Tuesday, November 23, 2004

Some encouraging news

From the AP:

On Iraq, the gathering of 20 world powers and regional countries, including many opposed to the U.S.-led invasion, represented an acknowledgment of the need for international cooperation to deal with the consequences of the war.
While sharp differences remain on how to proceed, the participating nations and world bodies have committed to supporting the U.S.-backed Iraqi interim government and finalized a draft statement, obtained by The Associated Press.
In it, they gave strong backing to the Iraqi government's war against insurgents but did not set a deadline for withdrawing U.S.-led forces from Iraq, despite a push by France and some Arab countries.
The draft communique for the two-day conference, which ends Tuesday, also says the interim Iraqi government should meet with its opponents to try to persuade them to take part in the general elections scheduled for Jan. 30.
The meeting brought together Iraq's six neighbors - Iran, Syria, Turkey, Kuwait, Jordan and Saudi Arabia - as well as Egypt and several other Arab countries, China and regional bodies such as the Group of Eight, the United Nations, the European Union, the Arab League and the Organization of the Islamic Conference.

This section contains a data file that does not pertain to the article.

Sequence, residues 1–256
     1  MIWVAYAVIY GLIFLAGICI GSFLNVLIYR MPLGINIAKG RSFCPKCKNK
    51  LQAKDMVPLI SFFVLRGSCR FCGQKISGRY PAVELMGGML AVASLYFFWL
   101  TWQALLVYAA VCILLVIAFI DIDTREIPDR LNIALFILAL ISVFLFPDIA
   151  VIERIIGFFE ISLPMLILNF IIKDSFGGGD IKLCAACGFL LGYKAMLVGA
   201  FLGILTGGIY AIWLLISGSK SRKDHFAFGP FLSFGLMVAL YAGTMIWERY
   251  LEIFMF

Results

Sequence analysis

Syria's foreign minister, Farouk al-Sharaa, had tried to seek support for setting a deadline for the withdrawal of foreign forces in Iraq. But the draft communique allows the Iraqi government to decide when the U.S.-led troops should depart. It does remind them that their mandate is "not open-ended."
For all its bloodshed, the insurgency enjoys a certain support in the Arab world, where many regard the U.S. and other troops as occupiers.
The draft communique says the participants condemn "all acts of terrorism in Iraq" and call for "the immediate cessation of all such acts in order to alleviate the suffering of the Iraqi people."

Though I'm not sure anything of substance can or will come from a 20-nation conference, this news is somewhat encouraging.
I don't think the bit about "a certain support in the Arab world" is meant to be ironical, but it amuses me.
Earlier in the article the reporter references the late Mr. Arafat; "Israel and the United States had refused to talk to Arafat, branding him an unacceptable negotiating partner because of what they said was his support of terror."
I found it difficult to take the article too seriously after that. As always, consider the source.